Modelling and control for heart rate regulation during treadmill exercise.

Biomed. Syst. Lab., New South Wales Univ., Sydney, NSW, Australia.
Conference proceedings: ... Annual International Conference of the IEEE Engineering in Medicine and Biology Society. IEEE Engineering in Medicine and Biology Society. Conference 02/2006; 1:4299-302. DOI: 10.1109/IEMBS.2006.260573
Source: IEEE Xplore

ABSTRACT This paper proposes a novel integrated approach for the identification and control of Hammerstein systems to achieve desired heart rate tracking performance for an automated treadmill system. The pseudo-random binary sequence input is employed to decouple the identification of dynamic linear part from static nonlinearity. The powerful e-insensitivity support vector regression is adopted to obtain sparse representations of the inversion of static nonlinearity in order to obtain an approximated linear model of the Hammerstein system. An H(infinity) controller is designed for the approximated linear model to achieve robust tracking performance. This new approach is applied to the design of a computer-controlled treadmill system for the regulation of heart rate during treadmill exercise. Minimizing deviations of heart rate from a preset profile is achieved by controlling the speed of the treadmill. Both conventional proportional-integral-derivative (PID) control and the proposed approaches have been employed for the controller design. The proposed algorithm achieves much better heart rate tracking performance.

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    ABSTRACT: This paper investigates the application of a multi-loop PID controller in an automated treadmill exercise machine. The approach is to design a computer-controlled treadmill control system for the regulation of heart rate (HR) during treadmill exercise. A single-input and multiple-output (SIMO) controller was implemented to fast track a given heart rate profile in treadmill exercise. Two separate single-input and single-output (SISO) PID control systems are initially implemented to modify either the treadmill speed or its angle of inclination in order to achieve a desired HR. The purpose of this paper is to apply a SIMO control system by implementing a control algorithm which includes the two PID controllers working simultaneously to track the desired HR profile. The performance of the SIMO and SISO control systems are compared through the closed loop responses recorded during experimentation. This would also help future development of safe treadmill exercise system.
    Conference proceedings: ... Annual International Conference of the IEEE Engineering in Medicine and Biology Society. IEEE Engineering in Medicine and Biology Society. Conference 01/2010; 2010:2569-72.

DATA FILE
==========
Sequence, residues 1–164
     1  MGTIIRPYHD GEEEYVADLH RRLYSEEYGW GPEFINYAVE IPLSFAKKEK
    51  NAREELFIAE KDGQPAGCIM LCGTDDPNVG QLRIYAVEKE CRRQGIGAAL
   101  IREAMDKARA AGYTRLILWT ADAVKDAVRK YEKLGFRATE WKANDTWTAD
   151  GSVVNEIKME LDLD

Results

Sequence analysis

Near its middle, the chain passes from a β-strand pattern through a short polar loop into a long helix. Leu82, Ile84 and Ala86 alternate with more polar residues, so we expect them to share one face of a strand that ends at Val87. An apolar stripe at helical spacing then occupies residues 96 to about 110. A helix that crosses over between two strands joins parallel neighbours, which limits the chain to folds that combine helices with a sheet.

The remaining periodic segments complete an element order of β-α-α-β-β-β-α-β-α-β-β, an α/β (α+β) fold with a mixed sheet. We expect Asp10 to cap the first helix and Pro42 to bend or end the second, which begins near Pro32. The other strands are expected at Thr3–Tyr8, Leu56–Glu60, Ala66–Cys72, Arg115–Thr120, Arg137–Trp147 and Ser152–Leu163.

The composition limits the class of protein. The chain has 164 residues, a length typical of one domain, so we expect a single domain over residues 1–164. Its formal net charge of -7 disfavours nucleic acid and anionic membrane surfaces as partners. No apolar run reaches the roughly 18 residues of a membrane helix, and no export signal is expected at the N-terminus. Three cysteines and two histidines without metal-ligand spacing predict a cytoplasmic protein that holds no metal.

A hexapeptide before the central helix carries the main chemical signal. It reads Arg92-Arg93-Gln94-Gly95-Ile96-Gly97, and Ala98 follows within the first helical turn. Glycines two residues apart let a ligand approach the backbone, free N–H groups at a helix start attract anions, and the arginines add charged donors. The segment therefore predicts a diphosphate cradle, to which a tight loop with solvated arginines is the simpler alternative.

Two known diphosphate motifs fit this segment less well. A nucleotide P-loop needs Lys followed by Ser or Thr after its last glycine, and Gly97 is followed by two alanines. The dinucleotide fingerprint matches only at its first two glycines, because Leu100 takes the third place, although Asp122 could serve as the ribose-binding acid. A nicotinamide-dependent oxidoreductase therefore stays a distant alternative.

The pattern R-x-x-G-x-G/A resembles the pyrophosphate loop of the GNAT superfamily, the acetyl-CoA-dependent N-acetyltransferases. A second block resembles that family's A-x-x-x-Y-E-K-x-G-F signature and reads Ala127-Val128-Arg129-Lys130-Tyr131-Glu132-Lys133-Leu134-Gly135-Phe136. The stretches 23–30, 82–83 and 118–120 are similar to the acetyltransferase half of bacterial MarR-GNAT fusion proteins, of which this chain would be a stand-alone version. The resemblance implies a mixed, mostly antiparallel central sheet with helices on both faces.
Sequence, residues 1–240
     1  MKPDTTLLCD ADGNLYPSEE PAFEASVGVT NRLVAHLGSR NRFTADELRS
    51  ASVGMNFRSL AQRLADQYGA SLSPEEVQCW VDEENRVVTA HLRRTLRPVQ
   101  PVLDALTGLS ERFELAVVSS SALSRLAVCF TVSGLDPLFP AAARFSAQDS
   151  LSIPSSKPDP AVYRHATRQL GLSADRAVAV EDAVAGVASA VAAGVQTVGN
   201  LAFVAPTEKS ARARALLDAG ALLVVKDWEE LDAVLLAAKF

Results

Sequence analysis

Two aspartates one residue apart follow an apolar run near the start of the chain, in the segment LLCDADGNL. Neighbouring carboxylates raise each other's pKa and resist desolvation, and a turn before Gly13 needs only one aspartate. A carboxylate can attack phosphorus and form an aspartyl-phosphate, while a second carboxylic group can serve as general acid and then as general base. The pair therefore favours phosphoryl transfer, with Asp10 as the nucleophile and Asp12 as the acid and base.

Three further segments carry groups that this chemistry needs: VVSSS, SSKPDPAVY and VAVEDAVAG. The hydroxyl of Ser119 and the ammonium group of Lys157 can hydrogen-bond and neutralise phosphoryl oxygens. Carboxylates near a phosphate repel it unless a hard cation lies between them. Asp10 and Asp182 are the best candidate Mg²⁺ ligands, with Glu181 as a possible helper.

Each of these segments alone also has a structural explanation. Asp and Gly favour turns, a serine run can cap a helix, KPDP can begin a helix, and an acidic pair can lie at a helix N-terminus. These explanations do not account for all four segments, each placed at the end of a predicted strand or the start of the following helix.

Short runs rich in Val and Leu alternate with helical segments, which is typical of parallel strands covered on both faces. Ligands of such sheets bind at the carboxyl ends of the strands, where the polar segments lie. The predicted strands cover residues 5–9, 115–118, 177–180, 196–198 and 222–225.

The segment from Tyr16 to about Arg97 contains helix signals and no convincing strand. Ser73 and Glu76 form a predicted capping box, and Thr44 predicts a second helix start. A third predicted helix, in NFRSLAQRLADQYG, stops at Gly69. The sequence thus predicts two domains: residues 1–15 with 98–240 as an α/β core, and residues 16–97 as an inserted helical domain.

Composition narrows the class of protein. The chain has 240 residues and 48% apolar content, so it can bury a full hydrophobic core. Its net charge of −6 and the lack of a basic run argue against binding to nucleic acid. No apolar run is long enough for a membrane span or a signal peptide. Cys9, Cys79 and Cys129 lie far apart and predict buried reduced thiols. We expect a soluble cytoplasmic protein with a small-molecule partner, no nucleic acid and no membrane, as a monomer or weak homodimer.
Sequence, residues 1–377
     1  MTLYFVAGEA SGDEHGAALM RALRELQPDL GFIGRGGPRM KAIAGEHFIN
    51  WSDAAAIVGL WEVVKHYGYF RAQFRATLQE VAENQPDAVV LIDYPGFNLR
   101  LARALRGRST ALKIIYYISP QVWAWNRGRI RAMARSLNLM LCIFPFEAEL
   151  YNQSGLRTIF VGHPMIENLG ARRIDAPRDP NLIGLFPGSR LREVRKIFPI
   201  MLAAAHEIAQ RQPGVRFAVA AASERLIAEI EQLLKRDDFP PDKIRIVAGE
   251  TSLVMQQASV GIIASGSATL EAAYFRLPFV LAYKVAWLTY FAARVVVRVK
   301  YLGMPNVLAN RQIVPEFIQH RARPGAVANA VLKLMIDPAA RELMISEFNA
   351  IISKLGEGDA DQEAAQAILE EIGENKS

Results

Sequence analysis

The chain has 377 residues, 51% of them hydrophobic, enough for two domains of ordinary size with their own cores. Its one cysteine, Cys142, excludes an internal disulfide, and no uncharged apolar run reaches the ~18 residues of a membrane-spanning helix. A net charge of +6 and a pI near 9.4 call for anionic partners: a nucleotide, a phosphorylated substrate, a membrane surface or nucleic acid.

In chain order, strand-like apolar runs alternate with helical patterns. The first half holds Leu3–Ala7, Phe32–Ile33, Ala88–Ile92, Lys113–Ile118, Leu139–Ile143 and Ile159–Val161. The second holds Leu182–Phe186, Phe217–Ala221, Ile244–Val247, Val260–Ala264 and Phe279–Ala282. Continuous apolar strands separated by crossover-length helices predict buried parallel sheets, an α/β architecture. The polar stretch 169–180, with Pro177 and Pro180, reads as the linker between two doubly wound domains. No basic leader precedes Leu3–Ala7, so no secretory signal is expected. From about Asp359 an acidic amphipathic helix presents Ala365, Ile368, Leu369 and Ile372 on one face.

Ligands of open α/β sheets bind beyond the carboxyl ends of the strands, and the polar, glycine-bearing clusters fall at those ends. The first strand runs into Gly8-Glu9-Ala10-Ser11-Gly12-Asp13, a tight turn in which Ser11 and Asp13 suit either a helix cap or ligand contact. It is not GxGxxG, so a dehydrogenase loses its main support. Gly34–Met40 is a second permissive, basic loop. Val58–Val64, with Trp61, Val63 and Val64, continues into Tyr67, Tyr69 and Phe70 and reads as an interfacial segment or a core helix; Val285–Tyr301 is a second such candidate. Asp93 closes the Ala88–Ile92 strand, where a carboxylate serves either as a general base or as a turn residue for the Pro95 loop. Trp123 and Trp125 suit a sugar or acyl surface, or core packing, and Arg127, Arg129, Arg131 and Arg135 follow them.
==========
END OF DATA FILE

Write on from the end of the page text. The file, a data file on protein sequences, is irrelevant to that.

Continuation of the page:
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    ABSTRACT: Exercise testing systems with appropriate gas exchange measurements offer important data for sport training, medical diagnosis, rehabilitation and evaluation of cardio respiratory kinetics. Measuring of basic physiological parameters during exercise test is an important task in order to establish the working capacity or physical condition of the patient and also enable derive models of important physiological parameters. Exercise testing offers the investigator the possibility to study simultaneously cellular, cardiovascular and respiratory systems and their response during accurately controlled workload. Heart rate, pulmonary ventilation, breathing frequency and blood pressure are automatically measured during the examination. Also oxygen and carbon dioxide content in expired air are measured and intensity of the workload is set by computer. From these data other standard parameters like oxygen uptake, CO2 expenditure etc. during the whole test could be calculated by means of personal computer. In this paper, nonlinear modelling approach is used for Hammerstein system which is applied to estimate cardiovascular system response to exercise. These models can be used in situations, where only limited parameters can be registered e.g. during out door workload testing.
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    ABSTRACT: Abstract The aim of this study was to determine if heart rate responses to training intensity during road cycling could be modelled with compact time-variant mathematical model structures. The model performance was evaluated in terms of model order (complexity), number of inputs and parameter estimation methods used (time-invariant vs. time-variant). Thirteen male cyclists performed two identical cycling tests of 27 km on the road. Uphill sections were introduced to induce dynamic variations in heart rate. The heart rate and training intensity, represented by power output and road inclination, were measured in real-time. Taking only power as system input allowed to explain the variations in heart rate in an accurate way [Formula: see text], since adding the road inclination as an additional input did not significantly improve the modelling performance [Formula: see text]. Furthermore, we demonstrated that models with first-order dynamics accurately describes the heart rate responses to power variations [Formula: see text], but that more complex second-order model structures [Formula: see text] were significantly better than the first-order model structures (P=0.028). Finally, the heart rate dynamics appeared to be time-variant, since the time-variant model structures [Formula: see text] were significantly better than the time-invariant model structures [Formula: see text]. So, compact time-variant second-order model structures could be used to model the heart rate response to training intensity as a basis for training optimisation.
    European journal of sport science. 01/2014; 14(sup1):S406-S412.

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